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Esperance welder dreams of finishing Australia’s biggest yacht race

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Just making it to Sydney Harbour for the start of Australia's most famous yacht race will be considered a win for West Australian sailor Tim Stewart.

The Esperance-based skipper of boat Anger Management is in the process of getting his 40-foot yacht ready for the annual Sydney to Hobart Yacht Race, which starts on Boxing Day.

Mr Stewart, a self-employed welder who admits he gets badly seasick, told the ABC it was likely to cost up to $150,000 to get the boat ready for the race.

Anger Management is less than half the size of the 100-foot supermaxis that can reach speeds of up to 30 knots racing across Bass Strait, and such a big spend does not guarantee the boat will qualify.

2018 race marks 20th anniversary of tragedy

Business Post Naiad is battered by the conditions during the 1998 Sydney to Hobart yacht race.

This year marks the 20th anniversary of the tragic 1998 race, during which five boats sank and six people died.

Despite the obvious dangers, Mr Stewart views the 628-nautical mile race as the pinnacle for any Australian sailor.

He joked his biggest concern was whether he got seasick.

"I've been known to get quite seasick, which is ironic really, considering I've owned a boat for eight or nine years and been sailing most of my life," he said.

"But it's been a while since I've been sick and I'm going to have all the best pills money can buy, so I think I'll be okay."

Yacht sailing with crew on board

Boat damaged in Queensland cyclone

The story of Anger Management and Mr Stewart's Sydney to Hobart campaign began in Queensland last year.

He bought the yacht after Cyclone Debbie swept through the state and filled the boat with water.

The next challenge was transporting the yacht from Hamilton Island back to Esperance in WA's south-east, sailing to Airlie Beach before a friend trucked it to his hometown.

If all goes to plan, Mr Stewart's crew plans to set sail from Esperance for Sydney in early October.

"It's roughly four weeks to get to Sydney if the wind is blowing the right way," he said.

"We need the boat to be in Sydney for probably six weeks to get it up to spec, and then come Boxing Day we're out of there. That's the plan anyway."

Wild Oats XI at the start of the race on Boxing Day

Safety a top priority for crew

Mr Stewart must ensure Anger Management ticks all the boxes for safety, while race officials also require the mast to be taken out of the boat for inspection.

On top of the boat being up to standard, his crew must have at least their first-aid certificate and their radio operator's certificate, and at least half of his 10-man crew needs to have done a sea survival course.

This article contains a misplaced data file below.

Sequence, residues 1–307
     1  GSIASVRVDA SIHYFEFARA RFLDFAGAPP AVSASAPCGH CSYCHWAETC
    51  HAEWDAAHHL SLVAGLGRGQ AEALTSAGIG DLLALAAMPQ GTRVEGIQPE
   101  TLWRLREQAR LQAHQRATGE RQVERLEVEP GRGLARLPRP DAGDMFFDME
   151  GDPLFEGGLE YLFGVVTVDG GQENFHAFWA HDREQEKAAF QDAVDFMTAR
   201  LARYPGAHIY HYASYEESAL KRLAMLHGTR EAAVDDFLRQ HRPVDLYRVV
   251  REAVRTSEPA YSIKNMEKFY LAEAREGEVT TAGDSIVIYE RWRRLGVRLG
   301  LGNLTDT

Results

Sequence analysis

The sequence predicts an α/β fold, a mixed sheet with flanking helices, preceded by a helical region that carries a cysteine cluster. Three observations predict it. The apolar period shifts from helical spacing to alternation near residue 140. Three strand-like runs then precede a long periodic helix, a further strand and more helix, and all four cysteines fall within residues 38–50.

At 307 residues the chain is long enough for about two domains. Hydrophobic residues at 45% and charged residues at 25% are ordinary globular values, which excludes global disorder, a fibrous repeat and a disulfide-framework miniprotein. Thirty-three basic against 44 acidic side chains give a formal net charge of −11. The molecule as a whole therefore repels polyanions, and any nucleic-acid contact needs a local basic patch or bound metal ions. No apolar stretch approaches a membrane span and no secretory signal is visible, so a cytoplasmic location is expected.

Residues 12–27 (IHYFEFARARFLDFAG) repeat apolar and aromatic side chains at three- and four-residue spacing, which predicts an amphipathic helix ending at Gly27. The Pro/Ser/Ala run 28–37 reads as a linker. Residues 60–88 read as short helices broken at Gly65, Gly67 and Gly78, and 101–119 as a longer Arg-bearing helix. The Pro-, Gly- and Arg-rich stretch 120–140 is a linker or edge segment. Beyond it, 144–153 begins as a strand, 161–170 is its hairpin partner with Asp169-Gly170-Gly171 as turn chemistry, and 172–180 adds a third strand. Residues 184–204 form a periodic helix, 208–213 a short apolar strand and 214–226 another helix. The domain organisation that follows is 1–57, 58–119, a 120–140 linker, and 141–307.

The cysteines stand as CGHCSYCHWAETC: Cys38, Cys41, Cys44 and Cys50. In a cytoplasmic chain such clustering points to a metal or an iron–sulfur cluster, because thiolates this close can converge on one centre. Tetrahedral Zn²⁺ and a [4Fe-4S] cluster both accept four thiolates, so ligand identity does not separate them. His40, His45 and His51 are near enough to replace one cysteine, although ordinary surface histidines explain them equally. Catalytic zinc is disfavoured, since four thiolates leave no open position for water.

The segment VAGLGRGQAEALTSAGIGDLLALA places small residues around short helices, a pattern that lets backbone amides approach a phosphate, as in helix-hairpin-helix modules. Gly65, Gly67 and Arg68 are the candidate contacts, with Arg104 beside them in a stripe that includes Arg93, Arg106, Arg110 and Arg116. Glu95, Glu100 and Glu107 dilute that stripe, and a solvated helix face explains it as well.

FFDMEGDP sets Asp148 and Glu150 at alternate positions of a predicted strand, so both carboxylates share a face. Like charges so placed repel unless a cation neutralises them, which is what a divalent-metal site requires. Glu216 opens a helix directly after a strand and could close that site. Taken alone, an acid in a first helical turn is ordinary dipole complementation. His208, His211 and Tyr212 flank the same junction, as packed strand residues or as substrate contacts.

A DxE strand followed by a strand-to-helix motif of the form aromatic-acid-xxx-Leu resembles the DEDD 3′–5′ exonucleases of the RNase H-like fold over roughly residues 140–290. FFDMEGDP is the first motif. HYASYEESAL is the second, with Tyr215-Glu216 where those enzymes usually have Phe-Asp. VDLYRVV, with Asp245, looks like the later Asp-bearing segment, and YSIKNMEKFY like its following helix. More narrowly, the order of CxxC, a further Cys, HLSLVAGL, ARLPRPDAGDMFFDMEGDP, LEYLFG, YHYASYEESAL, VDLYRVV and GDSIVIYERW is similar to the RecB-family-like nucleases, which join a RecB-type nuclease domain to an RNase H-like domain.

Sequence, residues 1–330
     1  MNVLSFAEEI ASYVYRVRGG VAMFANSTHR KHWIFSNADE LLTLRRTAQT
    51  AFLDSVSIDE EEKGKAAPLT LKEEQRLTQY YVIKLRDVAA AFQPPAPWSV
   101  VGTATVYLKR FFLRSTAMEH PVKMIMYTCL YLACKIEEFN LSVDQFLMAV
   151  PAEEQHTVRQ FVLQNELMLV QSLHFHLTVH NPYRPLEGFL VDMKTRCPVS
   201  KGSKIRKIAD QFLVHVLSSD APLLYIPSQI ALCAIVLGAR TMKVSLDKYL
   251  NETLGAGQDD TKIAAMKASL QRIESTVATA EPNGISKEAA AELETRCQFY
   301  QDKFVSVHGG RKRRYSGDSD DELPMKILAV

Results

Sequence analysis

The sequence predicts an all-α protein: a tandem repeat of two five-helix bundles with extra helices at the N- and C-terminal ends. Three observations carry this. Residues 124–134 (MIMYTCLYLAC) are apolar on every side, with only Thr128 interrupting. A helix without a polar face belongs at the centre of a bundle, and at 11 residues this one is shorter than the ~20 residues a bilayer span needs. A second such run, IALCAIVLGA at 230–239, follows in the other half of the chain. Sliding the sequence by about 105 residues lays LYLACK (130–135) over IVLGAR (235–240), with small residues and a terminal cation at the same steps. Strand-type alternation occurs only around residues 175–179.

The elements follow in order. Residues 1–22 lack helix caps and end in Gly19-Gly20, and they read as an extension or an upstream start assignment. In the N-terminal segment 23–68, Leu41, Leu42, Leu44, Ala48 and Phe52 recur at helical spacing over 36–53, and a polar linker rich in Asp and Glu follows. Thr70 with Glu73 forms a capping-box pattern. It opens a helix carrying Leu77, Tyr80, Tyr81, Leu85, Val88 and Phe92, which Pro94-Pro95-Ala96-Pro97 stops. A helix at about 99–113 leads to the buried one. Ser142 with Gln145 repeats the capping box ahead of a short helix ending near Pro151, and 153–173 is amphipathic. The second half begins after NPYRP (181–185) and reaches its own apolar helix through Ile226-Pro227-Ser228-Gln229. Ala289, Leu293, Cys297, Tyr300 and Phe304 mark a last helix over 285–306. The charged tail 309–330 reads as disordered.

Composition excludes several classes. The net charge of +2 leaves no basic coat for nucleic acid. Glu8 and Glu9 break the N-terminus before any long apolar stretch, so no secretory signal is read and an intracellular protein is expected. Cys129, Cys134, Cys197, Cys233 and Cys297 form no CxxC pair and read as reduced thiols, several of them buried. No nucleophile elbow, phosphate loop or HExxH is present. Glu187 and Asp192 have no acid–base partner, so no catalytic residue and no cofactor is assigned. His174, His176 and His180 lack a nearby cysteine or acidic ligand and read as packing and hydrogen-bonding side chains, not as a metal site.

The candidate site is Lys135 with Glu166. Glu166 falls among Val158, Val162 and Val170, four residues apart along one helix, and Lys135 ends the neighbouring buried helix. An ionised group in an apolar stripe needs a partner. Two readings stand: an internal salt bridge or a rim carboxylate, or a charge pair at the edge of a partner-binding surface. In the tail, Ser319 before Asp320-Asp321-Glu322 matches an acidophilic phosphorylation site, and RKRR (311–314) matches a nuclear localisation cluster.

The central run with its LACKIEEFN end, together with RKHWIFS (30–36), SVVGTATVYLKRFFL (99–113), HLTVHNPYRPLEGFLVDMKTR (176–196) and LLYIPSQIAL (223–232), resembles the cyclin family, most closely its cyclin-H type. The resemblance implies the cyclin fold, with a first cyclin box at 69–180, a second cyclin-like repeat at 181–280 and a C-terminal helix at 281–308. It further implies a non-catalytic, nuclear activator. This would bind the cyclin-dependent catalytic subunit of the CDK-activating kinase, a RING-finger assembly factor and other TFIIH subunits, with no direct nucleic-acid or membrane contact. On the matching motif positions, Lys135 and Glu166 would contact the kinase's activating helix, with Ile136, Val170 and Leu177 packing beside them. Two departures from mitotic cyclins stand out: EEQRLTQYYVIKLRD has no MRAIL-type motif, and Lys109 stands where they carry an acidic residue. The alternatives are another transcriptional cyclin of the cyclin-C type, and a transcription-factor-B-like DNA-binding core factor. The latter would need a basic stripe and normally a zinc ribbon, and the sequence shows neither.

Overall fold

The costs are already starting to add up.

"I think it's going to cost around $125,000 to $150,000 to get the boat up and ready to go, and get us on the start line," he said.

Once the boat is up to spec, the crew must also make it through qualifying.

"Normally the boat would race a qualifying race out of Sydney, but we are going to do that passage from Esperance to Albany," he said.

"For us to qualify for the Hobart race we're going to head to Albany, and that's usually about 200 miles normally, but we have to turn that into a 325-nautical mile passage so that should qualify us."

Sydney to Hobart line honours winner Comanche

Skipper just wants to finish the race

Last year's Sydney to Hobart had one of the closest finishes in decades, with Wild Oats XI smashing the race record to win what would have been its ninth line honours title, less than half an hour ahead of Comanche.

Skippered by Mark Richards, Wild Oats XI crossed the line in a time of one day, eight hours, 48 minutes and 50 seconds.

But Wild Oats XI was controversially stripped of line honours after being penalised one hour by an international jury.

Comanche successfully filed a protest claiming Wild Oats XI had almost caused the two boats to collide at the start in Sydney Harbour.

Mr Stewart said if Anger Management made it to the start line on Boxing Day, he had only one goal.

Sailing yacht with skipper on board.

"I've been there in previous years and seen guys finish and the relief on their faces," he said.

"I've had a family friend who sailed on a 52-footer and they broke their forestay [a piece of standing rigging that keeps the mast from falling backwards] in Sydney Harbour, so their whole six-month campaign was over within the first hour.

"Our number one goal is just to finish."

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